• Anti–tumor necrosis factor (anti-TNF) biologic agents such as infliximab (Remicade) and adalimumab (Humira) are effective in patients with moderate to severe inflammatory CD or UC that is unresponsive to conventional treatments. Golimumab (Simponi), which is another anti-TNF agent, recently has been approved for induction and maintenance of remission in ulcerative colitis. It has been demonstrated to result in improvement of endoscopic appearance of colonic mucosa. Certolizumab pegol (Cimzia) may be used to maintain response. Immunomodulators and biologic agents may be used independently or in combination for treatment of inflammatory bowel disease and for maintaining surgically induced remission in CD.

    • Risks of opportunistic infections, hematologic and cutaneous malignancies, and neurologic complications, in addition to other adverse effects of biologic therapy with or without immunomodulators, should be discussed with the patient.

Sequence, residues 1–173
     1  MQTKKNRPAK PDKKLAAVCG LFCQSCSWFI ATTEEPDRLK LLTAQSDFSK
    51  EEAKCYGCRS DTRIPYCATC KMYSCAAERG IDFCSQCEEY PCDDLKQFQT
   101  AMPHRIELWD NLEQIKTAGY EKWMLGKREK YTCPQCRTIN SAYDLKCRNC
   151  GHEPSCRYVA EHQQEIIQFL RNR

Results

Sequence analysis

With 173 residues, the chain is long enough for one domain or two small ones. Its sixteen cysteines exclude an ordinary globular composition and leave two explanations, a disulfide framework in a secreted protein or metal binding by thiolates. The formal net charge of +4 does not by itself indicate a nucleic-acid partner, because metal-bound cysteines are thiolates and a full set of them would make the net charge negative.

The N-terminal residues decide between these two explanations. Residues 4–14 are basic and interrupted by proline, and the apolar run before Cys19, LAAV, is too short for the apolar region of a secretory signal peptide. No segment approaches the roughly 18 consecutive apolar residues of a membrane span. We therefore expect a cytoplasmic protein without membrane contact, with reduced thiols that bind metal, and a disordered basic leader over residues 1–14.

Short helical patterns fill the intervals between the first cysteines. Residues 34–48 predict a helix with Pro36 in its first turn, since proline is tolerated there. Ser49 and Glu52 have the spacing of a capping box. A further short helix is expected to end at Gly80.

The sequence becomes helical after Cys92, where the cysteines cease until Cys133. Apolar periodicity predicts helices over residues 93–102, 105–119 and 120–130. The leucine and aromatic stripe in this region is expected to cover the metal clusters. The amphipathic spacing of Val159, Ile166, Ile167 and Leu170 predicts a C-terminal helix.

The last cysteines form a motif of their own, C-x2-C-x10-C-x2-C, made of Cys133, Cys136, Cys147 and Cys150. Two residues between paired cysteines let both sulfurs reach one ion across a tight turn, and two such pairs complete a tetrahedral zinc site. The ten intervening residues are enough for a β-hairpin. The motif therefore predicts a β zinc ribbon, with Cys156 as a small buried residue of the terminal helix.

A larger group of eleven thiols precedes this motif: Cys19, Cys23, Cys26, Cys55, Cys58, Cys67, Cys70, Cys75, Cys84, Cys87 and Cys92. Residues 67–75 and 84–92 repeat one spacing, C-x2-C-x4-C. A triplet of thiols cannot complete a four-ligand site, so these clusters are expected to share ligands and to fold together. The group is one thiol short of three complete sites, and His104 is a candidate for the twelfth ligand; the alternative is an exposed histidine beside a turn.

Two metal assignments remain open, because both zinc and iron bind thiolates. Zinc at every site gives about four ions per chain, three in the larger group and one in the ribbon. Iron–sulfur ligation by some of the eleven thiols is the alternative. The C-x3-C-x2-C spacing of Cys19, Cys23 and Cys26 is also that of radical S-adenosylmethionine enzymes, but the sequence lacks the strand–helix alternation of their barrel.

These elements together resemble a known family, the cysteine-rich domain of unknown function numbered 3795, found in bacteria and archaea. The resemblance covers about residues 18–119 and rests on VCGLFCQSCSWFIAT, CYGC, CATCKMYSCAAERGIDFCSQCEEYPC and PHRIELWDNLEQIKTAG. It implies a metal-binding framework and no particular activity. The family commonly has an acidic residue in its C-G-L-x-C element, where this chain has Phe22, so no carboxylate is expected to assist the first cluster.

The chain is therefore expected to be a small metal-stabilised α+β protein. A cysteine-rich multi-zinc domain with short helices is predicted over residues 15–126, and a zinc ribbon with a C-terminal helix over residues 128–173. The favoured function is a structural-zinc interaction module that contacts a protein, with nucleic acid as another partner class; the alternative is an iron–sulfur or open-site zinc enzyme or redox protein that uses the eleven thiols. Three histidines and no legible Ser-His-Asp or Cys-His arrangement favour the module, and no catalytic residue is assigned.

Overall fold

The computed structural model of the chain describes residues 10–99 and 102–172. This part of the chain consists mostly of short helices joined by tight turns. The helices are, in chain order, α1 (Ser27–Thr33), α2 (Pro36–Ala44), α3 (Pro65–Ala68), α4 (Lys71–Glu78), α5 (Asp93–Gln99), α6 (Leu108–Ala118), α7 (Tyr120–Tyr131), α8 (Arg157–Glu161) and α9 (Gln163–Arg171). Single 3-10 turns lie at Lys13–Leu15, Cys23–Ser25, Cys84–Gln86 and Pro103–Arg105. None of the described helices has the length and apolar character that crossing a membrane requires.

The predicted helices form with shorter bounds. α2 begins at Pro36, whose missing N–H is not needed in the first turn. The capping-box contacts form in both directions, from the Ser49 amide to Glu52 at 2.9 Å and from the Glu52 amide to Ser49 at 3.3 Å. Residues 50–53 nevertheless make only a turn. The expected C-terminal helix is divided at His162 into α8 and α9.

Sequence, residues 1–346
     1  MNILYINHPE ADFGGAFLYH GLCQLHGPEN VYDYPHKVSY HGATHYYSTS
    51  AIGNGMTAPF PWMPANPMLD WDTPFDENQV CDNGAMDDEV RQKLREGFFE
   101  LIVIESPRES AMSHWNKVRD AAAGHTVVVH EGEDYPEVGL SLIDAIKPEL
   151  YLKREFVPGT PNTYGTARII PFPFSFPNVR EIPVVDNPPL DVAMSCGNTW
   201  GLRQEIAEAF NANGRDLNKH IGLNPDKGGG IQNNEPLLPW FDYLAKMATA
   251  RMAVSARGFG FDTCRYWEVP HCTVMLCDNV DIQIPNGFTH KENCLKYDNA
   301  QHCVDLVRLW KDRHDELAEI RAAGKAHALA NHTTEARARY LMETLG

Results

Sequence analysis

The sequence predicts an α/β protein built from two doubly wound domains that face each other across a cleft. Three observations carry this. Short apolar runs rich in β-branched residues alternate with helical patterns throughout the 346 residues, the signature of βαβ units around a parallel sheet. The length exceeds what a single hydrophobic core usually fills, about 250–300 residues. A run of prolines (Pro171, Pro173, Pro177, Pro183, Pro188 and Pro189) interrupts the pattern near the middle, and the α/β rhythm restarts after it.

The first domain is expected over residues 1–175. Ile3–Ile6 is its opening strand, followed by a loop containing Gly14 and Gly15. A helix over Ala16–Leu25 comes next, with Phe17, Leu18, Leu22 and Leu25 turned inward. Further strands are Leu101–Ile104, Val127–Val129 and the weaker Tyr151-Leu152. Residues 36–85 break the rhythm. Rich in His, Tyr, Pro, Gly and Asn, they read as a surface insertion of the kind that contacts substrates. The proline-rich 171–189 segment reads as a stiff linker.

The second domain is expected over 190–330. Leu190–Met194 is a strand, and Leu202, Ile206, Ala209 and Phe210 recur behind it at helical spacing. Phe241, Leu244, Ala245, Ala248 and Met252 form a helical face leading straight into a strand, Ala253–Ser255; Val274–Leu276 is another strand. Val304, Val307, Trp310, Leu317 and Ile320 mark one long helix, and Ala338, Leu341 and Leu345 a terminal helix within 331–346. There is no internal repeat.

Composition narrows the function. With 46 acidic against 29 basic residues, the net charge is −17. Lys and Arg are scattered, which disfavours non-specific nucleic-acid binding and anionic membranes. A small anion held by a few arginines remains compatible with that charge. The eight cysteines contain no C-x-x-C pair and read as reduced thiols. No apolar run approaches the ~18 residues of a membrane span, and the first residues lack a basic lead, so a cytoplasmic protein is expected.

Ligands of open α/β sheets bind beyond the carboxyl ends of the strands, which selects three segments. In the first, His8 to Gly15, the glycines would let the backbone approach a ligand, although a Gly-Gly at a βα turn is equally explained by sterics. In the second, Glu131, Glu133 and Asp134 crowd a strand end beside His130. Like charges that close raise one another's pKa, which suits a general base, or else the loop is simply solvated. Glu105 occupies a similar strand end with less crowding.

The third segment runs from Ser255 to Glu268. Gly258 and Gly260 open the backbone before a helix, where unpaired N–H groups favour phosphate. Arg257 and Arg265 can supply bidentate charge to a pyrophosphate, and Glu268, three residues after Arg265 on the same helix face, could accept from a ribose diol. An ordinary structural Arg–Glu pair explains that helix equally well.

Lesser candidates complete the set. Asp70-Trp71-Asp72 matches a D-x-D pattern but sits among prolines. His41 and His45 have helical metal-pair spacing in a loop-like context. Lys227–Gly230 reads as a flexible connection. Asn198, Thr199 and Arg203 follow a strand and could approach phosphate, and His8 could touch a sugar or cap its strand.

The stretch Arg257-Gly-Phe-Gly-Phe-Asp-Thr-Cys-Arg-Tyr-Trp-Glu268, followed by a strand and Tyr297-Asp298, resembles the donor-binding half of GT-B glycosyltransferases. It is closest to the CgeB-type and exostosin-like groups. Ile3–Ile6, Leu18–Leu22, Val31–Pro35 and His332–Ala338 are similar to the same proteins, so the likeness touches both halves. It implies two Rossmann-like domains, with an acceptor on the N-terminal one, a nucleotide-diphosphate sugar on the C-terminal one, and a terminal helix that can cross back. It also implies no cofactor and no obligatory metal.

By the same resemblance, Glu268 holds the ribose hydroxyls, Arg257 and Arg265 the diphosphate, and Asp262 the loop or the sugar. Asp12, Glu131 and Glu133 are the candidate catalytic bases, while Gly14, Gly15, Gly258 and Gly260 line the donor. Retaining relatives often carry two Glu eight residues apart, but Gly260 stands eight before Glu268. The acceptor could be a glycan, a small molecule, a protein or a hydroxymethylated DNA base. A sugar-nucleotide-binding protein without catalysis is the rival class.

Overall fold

• The proven role of antibiotics is limited to septic complications, perianal disease, small intestinal bacterial overgrowth, and pouchitis.

    • Nataluzimab (Tysabri), an anti-α4  agent, is effective in some patients with refractory CD, including those for whom anti-TNF therapy has failed.

    • Another Integrin inhibitor, Vedolizumab (Entyvio) has been recently approved by FDA for induction andmaintenance of remission and response in both Crohn’s disease and ulcerative colitis.

    1 Not FDA approved for this indication.